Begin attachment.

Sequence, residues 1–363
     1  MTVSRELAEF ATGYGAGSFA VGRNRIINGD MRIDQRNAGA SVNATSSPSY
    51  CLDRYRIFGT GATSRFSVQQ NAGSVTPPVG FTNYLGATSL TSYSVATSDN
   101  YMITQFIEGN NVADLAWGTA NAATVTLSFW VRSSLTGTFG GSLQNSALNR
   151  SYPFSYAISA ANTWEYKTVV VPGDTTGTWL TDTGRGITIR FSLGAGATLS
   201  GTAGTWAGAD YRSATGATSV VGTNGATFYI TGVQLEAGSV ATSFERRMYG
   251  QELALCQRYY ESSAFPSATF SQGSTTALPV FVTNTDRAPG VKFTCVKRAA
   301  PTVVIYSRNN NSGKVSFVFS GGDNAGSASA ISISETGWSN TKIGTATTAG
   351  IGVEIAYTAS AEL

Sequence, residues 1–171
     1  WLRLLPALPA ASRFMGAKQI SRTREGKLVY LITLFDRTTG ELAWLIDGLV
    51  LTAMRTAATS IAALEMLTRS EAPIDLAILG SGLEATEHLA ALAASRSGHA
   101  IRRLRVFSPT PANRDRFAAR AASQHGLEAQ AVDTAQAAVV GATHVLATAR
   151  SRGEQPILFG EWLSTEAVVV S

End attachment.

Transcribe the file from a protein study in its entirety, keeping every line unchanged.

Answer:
Sequence, residues 1–363
     1  MTVSRELAEF ATGYGAGSFA VGRNRIINGD MRIDQRNAGA SVNATSSPSY
    51  CLDRYRIFGT GATSRFSVQQ NAGSVTPPVG FTNYLGATSL TSYSVATSDN
   101  YMITQFIEGN NVADLAWGTA NAATVTLSFW VRSSLTGTFG GSLQNSALNR
   151  SYPFSYAISA ANTWEYKTVV VPGDTTGTWL TDTGRGITIR FSLGAGATLS
   201  GTAGTWAGAD YRSATGATSV VGTNGATFYI TGVQLEAGSV ATSFERRMYG
   251  QELALCQRYY ESSAFPSATF SQGSTTALPV FVTNTDRAPG VKFTCVKRAA
   301  PTVVIYSRNN NSGKVSFVFS GGDNAGSASA ISISETGWSN TKIGTATTAG
   351  IGVEIAYTAS AEL

Sequence, residues 1–171
     1  WLRLLPALPA ASRFMGAKQI SRTREGKLVY LITLFDRTTG ELAWLIDGLV
    51  LTAMRTAATS IAALEMLTRS EAPIDLAILG SGLEATEHLA ALAASRSGHA
   101  IRRLRVFSPT PANRDRFAAR AASQHGLEAQ AVDTAQAAVV GATHVLATAR
   151  SRGEQPILFG EWLSTEAVVV S